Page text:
You know what sucks? Being in prison. You know what sucks worse? Being formerly a person of unlimited means, now in prison, and watching your cherished car collection auctioned off. For former race driver and convicted racketeer Scott Tucker, this could be a punitive act perhaps worse than death.
On February 5, 2020, at a CWS Asset Management & Sales auction, on behalf of the US Treasury Department at Circuit of the Americas in Austin, Texas, the last of Tucker’s collection of exotic sports cars will cross the block including a 2011 Ferrari SA Aperta, a 2011 Ferrari 599xx, a 2011 Porsche 911 GT2 RS, and a 2005 Porsche Carrera GT.
A preview of the cars is scheduled for February 4, from 10:00 a.m. to 3:00 p.m. at Ferrari of Austin. Tucker’s entire Level 5 Motorsports operation, including his 11 race cars, was liquidated by Auctions America in 2017.
Tucker, who won the 2014 24 Hours of Daytona and scored a podium at the 2011 24 Hours of Le Mans, was convicted in 2017 for racketeering, wire fraud, money laundering, and a Truth In Lending Act violation, related to his payday loan business, and was sentenced to 16 years, 8 months in federal prison. His attorney, Timothy Muir, also was convicted in the scheme and was given a sentence of 7 years.
Tucker is far from the first racer to end up in the clink after funding his racing operation with alleged dirty money. Remember the Whittington Brothers? John Paul Sr. and son John Paul Jr.? The incredible technical advances of the cars in the IMSA Series of the 1980s often is attributed to a steady flow of drug money.
Further, the Federal Trade Commission sued Tucker, his company and others for “deceptive and unfair payday lending and debt collection practices that targeted cash-strapped consumers.” The suit resulted in a judgement of a record $1.3 billion. Several sales of all Tucker’s assets have been held to try to raise the monies to cover the verdict, which includes refunds for many customers of his payday loan company. As of July 2019 the court appointed monitor reported recovering $12.3 million from the sales.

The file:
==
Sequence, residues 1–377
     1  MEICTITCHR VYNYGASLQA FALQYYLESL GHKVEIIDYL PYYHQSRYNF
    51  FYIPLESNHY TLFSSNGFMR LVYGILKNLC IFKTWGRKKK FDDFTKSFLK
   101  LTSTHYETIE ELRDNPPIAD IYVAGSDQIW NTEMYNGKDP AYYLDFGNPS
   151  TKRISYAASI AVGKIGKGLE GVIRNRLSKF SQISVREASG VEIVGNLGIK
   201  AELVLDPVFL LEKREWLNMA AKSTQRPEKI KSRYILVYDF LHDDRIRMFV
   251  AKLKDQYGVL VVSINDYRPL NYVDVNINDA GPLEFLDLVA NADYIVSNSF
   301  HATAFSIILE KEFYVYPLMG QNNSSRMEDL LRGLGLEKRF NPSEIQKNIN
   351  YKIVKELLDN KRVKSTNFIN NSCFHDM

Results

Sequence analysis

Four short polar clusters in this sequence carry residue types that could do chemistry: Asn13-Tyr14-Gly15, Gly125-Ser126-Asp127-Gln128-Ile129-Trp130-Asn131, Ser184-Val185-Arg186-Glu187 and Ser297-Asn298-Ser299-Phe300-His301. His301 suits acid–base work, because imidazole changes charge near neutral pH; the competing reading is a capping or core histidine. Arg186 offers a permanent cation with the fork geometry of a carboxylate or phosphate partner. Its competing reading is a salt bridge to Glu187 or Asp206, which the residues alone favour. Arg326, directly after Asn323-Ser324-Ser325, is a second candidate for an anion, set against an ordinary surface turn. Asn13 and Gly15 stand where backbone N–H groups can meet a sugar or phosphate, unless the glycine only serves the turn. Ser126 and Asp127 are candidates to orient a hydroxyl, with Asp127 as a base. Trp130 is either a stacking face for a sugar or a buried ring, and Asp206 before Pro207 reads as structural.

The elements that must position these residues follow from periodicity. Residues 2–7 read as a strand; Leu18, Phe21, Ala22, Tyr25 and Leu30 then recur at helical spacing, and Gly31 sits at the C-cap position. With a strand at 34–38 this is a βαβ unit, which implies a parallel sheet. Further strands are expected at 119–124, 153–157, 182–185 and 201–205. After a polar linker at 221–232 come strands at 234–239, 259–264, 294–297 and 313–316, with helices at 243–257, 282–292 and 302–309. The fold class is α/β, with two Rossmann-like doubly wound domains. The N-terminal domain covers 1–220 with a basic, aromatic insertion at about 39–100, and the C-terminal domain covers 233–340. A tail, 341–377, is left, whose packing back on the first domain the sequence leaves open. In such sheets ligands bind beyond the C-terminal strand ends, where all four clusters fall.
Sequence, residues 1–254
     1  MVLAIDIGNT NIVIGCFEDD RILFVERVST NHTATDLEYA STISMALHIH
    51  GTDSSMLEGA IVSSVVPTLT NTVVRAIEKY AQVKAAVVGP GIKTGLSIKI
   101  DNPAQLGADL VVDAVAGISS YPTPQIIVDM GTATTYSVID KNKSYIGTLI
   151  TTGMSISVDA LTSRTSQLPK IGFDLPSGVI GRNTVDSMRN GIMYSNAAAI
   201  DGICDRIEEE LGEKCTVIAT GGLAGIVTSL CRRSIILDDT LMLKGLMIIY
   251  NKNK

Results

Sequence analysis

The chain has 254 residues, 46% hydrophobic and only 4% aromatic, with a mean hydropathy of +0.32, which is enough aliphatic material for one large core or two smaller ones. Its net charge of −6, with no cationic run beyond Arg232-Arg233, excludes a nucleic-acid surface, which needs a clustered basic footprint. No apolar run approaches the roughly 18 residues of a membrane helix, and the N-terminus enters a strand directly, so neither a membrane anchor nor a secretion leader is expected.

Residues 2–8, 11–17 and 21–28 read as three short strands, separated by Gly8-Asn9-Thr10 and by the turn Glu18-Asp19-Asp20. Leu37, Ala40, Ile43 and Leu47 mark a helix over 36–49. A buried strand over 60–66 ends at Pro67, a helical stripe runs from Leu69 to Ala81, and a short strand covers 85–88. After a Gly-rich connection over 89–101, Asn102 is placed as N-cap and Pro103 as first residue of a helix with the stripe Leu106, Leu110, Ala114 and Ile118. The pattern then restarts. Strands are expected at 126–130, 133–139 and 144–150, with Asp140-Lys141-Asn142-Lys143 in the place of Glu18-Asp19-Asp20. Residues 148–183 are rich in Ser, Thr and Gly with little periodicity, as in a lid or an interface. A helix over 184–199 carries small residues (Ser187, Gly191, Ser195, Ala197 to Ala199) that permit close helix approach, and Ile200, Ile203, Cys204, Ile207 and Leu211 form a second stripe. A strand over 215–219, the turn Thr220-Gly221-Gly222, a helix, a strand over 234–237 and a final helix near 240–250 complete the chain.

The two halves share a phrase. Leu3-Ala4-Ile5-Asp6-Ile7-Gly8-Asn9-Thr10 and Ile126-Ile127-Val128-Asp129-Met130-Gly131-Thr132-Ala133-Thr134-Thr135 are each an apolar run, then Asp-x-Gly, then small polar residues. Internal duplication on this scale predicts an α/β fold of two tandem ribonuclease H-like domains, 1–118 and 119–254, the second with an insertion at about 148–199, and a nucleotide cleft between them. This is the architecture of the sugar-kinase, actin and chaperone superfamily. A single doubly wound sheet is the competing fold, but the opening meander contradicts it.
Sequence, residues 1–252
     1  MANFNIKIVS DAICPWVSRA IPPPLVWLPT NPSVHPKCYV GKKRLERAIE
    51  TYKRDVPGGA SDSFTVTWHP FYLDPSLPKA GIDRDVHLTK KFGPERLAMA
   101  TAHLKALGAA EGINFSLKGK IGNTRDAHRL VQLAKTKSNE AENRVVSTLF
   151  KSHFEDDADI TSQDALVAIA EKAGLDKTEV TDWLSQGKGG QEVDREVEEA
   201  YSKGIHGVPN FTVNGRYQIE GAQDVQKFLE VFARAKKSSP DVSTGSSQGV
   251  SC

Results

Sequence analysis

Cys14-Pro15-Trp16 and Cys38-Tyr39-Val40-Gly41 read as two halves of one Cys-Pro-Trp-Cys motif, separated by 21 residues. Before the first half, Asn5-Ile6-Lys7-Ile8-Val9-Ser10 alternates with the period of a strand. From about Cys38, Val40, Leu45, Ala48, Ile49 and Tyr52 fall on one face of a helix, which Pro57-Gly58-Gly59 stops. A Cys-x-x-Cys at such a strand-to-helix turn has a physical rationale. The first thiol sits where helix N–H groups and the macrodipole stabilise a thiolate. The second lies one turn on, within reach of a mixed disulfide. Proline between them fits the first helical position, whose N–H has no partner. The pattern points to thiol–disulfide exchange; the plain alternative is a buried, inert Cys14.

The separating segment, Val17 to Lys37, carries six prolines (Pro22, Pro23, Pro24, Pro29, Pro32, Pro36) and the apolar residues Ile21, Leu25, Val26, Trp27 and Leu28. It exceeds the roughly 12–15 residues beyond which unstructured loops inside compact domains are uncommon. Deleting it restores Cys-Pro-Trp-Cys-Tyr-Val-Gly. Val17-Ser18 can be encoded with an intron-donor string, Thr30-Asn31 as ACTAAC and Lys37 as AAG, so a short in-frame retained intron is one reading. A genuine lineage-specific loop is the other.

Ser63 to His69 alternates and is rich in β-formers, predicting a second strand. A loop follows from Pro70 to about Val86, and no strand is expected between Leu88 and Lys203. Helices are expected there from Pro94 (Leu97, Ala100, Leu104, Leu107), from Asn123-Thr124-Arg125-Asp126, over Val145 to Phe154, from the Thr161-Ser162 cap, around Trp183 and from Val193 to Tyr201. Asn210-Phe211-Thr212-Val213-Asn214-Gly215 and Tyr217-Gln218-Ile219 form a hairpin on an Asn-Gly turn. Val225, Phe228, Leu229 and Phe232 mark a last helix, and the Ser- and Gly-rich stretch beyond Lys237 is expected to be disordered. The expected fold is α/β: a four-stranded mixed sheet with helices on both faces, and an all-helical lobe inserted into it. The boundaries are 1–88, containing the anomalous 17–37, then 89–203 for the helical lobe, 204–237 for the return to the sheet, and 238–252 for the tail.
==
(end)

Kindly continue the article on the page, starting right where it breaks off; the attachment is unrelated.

According to FBI assistant director Diego Rodriguez in 2016, “As alleged, Tucker and Muir deceptively preyed on more than 4.5 million working people to enter into payday loans with interest rates ranging from 400 to 700 percent. Not only did their business model violate the Truth-in Lending Act, established to protect consumers from such loans, but they also tried to hide from prosecution by creating a fraudulent association with Native American Tribes to receive sovereign immunity. This scheme, like so many others who swindle innocent victims, only ends with an arrest by the FBI.”
The opportunity then goes to the bidders who have a path to several rare exotic cars – with dicey provenance. Bidders can sign up for online and in-person bidding. The 2011 Ferrari SA Aperta and 599xx could fetch as much as $2 million each. The Porsches could fetch more than $800,000 each.
Tucker has maintained his innocence and blames government overreach, while Muir has filed an appeal, but remains imprisoned as this second trial could begin. According to Tucker, “I provided a legal service where there was a demand.” When asked on the Netflix documentary Dirty Money if he looks at himself as a moral person? Tucker replied, “I’m a business person.”
Well, at least Scott Tucker has his memories…